Sitting at my feet as I write this week’s column is an old pal, a lovely caramel-coloured, super-soft friend who I feel has come to the natural end of his life.
To dispose of him, instead of “sending him off to a farm” or taking him on a harrowing journey to the vets, I’ll simply squash him into the back of the wardrobe. But don’t ring the RSPCA just yet - I’m not talking about the family dog but my trusty man bag.
Ever since Mark Simpson first used the term ‘metrosexual’ in The Independent back in 1994, the man bag has been a symbol of a more liberal attitude to fashion’s gender stereotypes but, at getting on for 20 years old, it looks like this dog had its day a long time ago. Some had already resigned man bags to the style scrapheap aeons ago while other, less cosmopolitan souls labelled them feminine and never gave them a chance. But they now feel well and truly over.
If you looked around an office 10 years ago, men would sport one of only three styles: an awfully smart and serious briefcase, a sad-looking variety of despatch and record bags and the plasticy, Grange Hill-style cheap rectangular bags. As such, the man bag flourished, offering a mature, smart but more personality-rich and less stuffy option for stylish men.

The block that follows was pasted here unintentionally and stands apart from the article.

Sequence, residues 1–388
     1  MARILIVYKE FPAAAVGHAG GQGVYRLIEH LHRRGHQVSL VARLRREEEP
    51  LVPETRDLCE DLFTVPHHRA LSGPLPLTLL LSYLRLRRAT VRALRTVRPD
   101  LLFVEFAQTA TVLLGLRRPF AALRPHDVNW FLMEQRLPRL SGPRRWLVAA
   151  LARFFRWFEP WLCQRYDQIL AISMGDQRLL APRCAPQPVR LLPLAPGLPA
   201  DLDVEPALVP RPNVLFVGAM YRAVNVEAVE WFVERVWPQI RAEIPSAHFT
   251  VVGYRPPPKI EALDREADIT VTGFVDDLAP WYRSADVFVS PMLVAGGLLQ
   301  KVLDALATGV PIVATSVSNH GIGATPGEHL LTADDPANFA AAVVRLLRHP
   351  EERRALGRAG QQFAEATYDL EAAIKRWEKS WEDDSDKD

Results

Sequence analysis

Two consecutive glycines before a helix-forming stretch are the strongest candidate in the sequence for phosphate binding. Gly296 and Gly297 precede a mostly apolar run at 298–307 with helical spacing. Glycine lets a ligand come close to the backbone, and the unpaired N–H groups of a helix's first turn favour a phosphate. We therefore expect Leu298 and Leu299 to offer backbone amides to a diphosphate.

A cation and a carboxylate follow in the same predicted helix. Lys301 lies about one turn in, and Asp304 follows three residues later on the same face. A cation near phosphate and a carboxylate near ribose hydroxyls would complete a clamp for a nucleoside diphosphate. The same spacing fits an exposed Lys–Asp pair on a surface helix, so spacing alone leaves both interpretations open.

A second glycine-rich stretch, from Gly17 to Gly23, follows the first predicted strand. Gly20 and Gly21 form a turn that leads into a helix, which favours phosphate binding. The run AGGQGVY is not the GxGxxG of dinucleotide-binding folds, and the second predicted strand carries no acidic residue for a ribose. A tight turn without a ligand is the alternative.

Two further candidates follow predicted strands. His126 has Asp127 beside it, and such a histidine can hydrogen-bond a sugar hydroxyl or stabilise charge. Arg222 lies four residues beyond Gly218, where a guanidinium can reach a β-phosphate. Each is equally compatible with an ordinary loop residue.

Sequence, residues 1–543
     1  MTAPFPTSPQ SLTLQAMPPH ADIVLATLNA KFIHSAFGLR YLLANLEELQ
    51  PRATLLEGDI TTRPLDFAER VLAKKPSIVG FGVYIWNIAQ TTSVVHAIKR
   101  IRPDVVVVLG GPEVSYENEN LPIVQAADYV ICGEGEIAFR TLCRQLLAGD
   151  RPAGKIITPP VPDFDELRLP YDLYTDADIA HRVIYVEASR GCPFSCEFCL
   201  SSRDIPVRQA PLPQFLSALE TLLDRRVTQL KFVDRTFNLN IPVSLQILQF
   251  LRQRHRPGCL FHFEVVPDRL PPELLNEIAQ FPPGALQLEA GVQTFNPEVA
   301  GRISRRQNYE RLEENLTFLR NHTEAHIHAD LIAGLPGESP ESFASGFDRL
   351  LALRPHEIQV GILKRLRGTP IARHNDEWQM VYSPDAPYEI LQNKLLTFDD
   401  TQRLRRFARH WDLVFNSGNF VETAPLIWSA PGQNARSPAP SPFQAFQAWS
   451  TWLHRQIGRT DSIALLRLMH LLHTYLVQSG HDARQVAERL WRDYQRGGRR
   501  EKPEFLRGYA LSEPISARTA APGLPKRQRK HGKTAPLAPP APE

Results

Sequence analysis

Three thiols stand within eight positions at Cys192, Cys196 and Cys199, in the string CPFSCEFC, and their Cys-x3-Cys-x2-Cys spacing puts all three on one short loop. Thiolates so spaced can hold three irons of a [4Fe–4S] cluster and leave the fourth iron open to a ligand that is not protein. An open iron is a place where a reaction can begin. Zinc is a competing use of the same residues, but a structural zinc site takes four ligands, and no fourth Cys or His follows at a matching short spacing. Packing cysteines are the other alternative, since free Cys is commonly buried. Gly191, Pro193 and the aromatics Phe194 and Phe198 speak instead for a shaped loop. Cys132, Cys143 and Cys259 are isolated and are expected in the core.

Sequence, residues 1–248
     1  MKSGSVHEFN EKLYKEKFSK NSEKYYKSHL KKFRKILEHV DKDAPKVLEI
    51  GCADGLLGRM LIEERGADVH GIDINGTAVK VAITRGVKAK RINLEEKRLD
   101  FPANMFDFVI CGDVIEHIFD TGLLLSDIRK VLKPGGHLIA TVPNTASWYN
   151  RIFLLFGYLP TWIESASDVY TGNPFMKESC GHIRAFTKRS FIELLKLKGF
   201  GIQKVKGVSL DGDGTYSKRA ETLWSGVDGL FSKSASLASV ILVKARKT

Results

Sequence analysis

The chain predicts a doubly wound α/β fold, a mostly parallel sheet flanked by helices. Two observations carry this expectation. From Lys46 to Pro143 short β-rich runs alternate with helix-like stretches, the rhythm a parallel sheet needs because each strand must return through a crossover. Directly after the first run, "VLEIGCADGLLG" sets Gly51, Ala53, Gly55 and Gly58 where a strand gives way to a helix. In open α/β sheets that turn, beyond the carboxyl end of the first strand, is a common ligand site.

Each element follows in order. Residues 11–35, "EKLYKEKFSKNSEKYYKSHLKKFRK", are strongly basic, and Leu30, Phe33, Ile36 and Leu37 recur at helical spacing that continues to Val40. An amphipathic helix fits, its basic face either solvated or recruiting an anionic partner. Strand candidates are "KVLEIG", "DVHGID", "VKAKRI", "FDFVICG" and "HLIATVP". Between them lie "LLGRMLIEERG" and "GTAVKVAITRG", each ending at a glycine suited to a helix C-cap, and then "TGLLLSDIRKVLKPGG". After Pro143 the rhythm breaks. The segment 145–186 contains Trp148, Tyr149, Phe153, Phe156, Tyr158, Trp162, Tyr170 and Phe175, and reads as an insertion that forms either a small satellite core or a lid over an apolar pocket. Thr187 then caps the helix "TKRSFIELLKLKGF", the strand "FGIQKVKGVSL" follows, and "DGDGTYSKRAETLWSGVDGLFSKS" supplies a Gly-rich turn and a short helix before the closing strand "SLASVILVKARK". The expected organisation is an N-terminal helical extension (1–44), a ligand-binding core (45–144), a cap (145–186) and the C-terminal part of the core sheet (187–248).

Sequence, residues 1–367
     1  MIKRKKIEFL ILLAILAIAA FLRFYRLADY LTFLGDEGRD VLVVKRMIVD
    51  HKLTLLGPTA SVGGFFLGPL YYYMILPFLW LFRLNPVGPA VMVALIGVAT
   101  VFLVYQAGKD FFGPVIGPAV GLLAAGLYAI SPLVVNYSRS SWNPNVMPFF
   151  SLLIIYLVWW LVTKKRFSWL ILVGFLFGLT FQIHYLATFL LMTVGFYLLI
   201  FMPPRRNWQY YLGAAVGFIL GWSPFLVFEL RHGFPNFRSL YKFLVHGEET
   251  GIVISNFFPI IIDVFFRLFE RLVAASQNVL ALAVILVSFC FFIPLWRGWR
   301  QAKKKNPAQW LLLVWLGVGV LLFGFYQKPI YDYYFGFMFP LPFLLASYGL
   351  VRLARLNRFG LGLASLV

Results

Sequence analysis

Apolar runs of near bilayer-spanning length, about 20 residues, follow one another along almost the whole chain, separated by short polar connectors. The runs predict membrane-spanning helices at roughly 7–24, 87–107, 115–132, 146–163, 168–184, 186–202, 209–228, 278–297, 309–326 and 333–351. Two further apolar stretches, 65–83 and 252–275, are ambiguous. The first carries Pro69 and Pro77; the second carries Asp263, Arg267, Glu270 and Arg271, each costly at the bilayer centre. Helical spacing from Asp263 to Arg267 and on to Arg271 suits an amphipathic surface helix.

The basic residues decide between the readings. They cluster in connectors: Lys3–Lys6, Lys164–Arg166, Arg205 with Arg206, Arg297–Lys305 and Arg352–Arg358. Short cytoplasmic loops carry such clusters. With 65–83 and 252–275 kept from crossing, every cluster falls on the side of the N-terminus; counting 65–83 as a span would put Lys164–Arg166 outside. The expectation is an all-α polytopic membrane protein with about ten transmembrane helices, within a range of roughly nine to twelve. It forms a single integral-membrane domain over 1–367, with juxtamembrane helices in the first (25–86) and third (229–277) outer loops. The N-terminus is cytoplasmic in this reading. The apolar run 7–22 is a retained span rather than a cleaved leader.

Today the need for such a bag remains but the choices are far more varied: satchels got cool again (the pinnacle surely being the work Julie Deane at The Cambridge Satchel Company is doing with the likes of Christopher Shannon), backpacks grew up, totes became more structured and holdalls went upmarket. In short, men’s styles have become more luxurious, more desirable and more refined - where there was ‘man bag’ is now just ‘bag’.
Finally, men’s accessories have truly caught up with women’s - looks like you can teach an old dog new tricks.